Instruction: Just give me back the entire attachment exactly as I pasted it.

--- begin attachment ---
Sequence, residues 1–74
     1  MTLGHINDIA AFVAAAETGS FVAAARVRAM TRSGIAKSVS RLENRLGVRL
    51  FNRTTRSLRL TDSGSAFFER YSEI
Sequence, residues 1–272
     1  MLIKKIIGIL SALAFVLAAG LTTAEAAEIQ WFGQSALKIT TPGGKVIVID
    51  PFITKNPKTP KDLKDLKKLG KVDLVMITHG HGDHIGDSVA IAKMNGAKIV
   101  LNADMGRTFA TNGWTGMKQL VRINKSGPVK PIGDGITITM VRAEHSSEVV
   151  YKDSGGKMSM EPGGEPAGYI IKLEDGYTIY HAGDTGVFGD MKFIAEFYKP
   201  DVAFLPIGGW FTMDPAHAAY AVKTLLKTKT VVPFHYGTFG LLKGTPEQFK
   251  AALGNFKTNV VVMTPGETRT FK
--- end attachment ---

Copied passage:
Sequence, residues 1–74
     1  MTLGHINDIA AFVAAAETGS FVAAARVRAM TRSGIAKSVS RLENRLGVRL
    51  FNRTTRSLRL TDSGSAFFER YSEI
Sequence, residues 1–272
     1  MLIKKIIGIL SALAFVLAAG LTTAEAAEIQ WFGQSALKIT TPGGKVIVID
    51  PFITKNPKTP KDLKDLKKLG KVDLVMITHG HGDHIGDSVA IAKMNGAKIV
   101  LNADMGRTFA TNGWTGMKQL VRINKSGPVK PIGDGITITM VRAEHSSEVV
   151  YKDSGGKMSM EPGGEPAGYI IKLEDGYTIY HAGDTGVFGD MKFIAEFYKP
   201  DVAFLPIGGW FTMDPAHAAY AVKTLLKTKT VVPFHYGTFG LLKGTPEQFK
   251  AALGNFKTNV VVMTPGETRT FK